This performance is clearly conceived as a piece of very important personal therapy where a cancer survivor is celebrating the joy of life! He dances, he goes berserk on the public transit system, he infuses his frightening medical experiences (radiation treatments, operations etc ) with a sense of theatrical humour that makes it all bearable (for the audience and for himself) and he sustains an hour of movement, clever lighting effects and an excellent rapport with the audience. This young man is a very talented performer who uses his instruments (his body and his voice) with great inventiveness. The material is uneven but that is not the point here. He has survived, and it’s his personal journey that he wants to tell us, avoiding any pathos, which is also what I appreciated. It all took a lot of guts. A big hug to this lovely fellow and fine actor.
Noah Spitzer performs at Arts Court.
Chris Kauffman sets up his props, his screen, where the background of his performance pops up, and promptly becomes Nhar, who reminds us of a cross between Harpo Marx and Charlie Chaplin with the hat, coat and moustache. Here, however his character is Pedro (a disgruntled warehouse worker). Pedro discovers a gold fish, and this little creature is the starting point for a brilliant illustration of many issues society deals with today as well as Pedro’s own personal need for love. Kauffman is a master mime although Pedro does murmur a few words and sing a few songs. Nhar Moves is creative theatre and a must on your Fringe list.
Imagine being trapped in a whale’s stomach for a very long time. You eat mountains of stale crackers, read two books over and over again and - being alone for a long time – you finally invent friends. West builds his story on two classics: Moby Dick and Don Quixote. The concept is very interesting and allows the author to explore daily life and the quest for love. Told in a funny way, it captivates the audience better at some moments than others. Although it is generally a good, well-paced and interesting show, from time to time it seemed that West ran out of ideas. Definitely a good story-teller however, he is not meant to be a singer and the song at the end of the show does not help. it is obvious that it only serves to fill the time. I would have liked to see West invest a little bit more time and energy in the story, because it is the highlight here and it makes the show.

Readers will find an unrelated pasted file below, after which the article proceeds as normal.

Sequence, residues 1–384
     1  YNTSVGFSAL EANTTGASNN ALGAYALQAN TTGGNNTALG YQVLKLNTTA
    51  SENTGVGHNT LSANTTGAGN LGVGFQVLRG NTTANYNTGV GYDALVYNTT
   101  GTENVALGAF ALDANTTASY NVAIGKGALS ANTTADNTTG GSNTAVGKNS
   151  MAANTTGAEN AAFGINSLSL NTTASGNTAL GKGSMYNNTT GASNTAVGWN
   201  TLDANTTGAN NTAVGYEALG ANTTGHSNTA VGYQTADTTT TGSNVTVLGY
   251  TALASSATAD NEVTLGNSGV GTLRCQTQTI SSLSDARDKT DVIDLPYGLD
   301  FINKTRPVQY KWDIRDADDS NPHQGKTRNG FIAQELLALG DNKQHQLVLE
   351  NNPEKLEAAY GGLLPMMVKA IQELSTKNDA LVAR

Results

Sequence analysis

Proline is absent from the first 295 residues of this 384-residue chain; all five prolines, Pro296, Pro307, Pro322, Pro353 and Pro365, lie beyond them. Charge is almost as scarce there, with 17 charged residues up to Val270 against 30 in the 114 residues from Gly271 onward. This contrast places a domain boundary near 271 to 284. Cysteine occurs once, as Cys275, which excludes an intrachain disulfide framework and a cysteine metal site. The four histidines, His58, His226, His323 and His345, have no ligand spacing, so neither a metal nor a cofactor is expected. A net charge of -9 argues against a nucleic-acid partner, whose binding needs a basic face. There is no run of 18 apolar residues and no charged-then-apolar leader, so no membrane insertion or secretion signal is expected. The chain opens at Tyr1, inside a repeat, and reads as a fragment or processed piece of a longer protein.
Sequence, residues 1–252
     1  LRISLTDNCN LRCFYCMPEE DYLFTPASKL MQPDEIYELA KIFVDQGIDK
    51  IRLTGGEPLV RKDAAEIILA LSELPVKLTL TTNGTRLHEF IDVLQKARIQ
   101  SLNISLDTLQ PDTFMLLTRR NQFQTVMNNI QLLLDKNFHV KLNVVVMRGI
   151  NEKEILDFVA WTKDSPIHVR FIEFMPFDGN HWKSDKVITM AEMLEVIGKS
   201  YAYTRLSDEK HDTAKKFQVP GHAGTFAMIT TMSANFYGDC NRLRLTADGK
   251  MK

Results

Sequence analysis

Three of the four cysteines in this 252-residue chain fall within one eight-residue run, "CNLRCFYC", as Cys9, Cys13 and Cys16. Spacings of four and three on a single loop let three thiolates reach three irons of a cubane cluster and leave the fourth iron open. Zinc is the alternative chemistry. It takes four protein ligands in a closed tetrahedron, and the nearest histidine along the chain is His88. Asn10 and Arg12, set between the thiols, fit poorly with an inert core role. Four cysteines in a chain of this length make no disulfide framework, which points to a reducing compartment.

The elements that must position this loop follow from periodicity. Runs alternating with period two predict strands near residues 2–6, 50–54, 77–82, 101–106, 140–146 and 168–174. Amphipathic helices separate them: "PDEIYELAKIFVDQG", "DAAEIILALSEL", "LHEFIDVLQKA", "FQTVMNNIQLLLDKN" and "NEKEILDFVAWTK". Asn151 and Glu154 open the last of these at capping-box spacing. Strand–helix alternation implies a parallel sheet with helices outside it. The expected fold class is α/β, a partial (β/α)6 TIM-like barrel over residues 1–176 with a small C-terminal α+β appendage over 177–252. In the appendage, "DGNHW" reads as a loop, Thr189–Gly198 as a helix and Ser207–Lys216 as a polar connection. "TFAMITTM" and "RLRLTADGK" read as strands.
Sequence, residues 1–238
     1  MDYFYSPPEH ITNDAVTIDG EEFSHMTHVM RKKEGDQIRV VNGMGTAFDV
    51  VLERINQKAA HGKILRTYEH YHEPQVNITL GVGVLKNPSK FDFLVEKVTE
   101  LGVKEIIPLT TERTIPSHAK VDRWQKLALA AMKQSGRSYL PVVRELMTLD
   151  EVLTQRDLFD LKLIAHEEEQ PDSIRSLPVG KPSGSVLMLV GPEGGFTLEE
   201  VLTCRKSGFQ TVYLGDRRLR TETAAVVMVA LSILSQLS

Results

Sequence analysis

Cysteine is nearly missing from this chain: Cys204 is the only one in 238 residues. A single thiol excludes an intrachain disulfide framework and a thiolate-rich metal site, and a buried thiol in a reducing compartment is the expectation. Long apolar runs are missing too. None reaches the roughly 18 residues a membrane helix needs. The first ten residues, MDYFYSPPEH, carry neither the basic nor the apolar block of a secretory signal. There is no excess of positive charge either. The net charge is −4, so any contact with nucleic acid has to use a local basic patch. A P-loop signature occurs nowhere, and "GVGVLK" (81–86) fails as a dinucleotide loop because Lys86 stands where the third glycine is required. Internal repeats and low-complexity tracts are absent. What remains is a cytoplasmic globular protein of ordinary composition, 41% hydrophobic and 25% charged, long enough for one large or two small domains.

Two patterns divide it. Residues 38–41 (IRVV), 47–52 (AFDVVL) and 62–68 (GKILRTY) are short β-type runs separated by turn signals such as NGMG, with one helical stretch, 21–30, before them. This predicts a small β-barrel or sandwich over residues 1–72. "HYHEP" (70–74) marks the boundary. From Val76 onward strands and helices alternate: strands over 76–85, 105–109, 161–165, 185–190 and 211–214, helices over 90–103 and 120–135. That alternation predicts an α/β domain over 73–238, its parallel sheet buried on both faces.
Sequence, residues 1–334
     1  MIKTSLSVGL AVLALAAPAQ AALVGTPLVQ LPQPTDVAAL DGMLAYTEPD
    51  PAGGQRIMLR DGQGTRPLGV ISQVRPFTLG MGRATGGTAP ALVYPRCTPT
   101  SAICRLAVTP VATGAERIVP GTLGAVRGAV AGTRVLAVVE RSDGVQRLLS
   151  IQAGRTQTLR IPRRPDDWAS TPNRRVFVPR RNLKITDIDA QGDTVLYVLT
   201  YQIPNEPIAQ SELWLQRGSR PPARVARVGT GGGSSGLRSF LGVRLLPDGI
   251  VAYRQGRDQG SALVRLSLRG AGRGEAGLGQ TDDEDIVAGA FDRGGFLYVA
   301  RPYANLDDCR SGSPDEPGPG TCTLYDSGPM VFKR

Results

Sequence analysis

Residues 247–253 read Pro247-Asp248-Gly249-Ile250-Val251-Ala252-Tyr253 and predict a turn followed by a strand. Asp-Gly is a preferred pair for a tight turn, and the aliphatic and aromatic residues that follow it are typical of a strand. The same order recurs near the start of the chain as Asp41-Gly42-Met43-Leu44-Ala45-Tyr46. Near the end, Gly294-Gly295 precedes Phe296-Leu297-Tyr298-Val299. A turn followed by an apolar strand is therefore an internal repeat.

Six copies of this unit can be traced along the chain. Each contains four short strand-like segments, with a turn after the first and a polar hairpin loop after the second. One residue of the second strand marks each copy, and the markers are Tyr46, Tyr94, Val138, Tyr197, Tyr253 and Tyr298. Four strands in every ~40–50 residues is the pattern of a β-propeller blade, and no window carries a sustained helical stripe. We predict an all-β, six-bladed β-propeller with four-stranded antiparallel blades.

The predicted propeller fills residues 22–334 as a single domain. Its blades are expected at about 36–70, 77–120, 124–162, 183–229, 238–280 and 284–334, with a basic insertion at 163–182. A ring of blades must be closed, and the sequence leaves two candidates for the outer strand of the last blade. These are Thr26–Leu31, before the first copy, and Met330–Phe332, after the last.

Written and performed by:
Zeb L. West
This is a one woman play written and performed by Veenesh Dubois, where Veneesh leads us on a roller coaster of emotions. Her performance as Timal is outstanding. She captures the essence of a little 10-year old girl, whose father leaves his family and their small village to travel to the land of opportunity – Canada. He promises to return and from that moment on, their only contact is through letters. Timal is left in the care of her grandmother. This is when Veneesh deftly uses a red scarf to transform herself into the character of the grandmother and later, using the same prop, she becomes the auntie, and a bride of an arranged marriage. Under her convincing performance, we watch Timal mature through her teenage years into a wife and mother. The short film screened during the performance, gives glimpses of father’s life in Canada which is perhaps extraneous to the play but Under the Mango Tree is a ‘must see’ on your Fringe list.
Written and performed by: Veenesh Dubois
Location: Studio Léonard Beaulne
June 21, 23, 24 25, 28, 30 2013 (at different times)
Timal’s Dream – Short Film
Director: Suzanne Bastien
Producer: Veenesh Dubois
Cinematographer: Colin Stoddard
Actors: Dhirendra Miyanger, Charlie Bewley
Tammy Gillis, Sean Nowak, Trevor Peever, Rachel Wolski
After his Wanderlust show that took us into the desert at the Fringe a couple of years ago, Dockery, the shamanic story teller is back. The man who transforms his whole body into a story telling instrument, to produce a delirium of vocal sounds, movement and bodily language, takes us on a long and exciting adventure, full of surprises, twists of language, unexpected humour and lightning references to the encyclopedia rumbling around in his head. All this to bring us into touch with his inner world and help us understand his own vision of the history of LSD. This is a most unique story teller, the likes of whom I have never seen in my whole life and I have seen magical story tellers throughout the Caribbean, the Pacific, the Indian Ocean and Latin America. This man psyches himself up, gets physically inside his subject matter and explodes with a volcanic energy that makes us hear and feel exactly what he is describing. Do not miss this adventure that is much much more than what it appears.
The choice of Michael Lesslie’s prequel to Hamlet, a witty, ironic and always elegant text, has been called by this British author “the stepping stone for young people into Shakespeare”. Conceived for young actors, it would appear to be the perfect vehicle for this inaugural performance of Ottawa’s New Young Company, working in association with Third Wall Theatre.
Unfortunately, this text mainly highlights the weaknesses of the players and the direction of actors in general. The play is characterized by heightened language which echoes both Shakespeare and modern adaptations of this language that try to capture the irony rooted in this text. There is even comic relief by Rosencrantz and Guildenstern as British school girls . Lots of fun but not quite what one would expect and all this is extremely difficult for young players who have relatively no experience. I would have thought that giving them a text written in a language more familiar to their own, would allow them to feel more at ease on stage, would have made this first stage experience much more beneficial.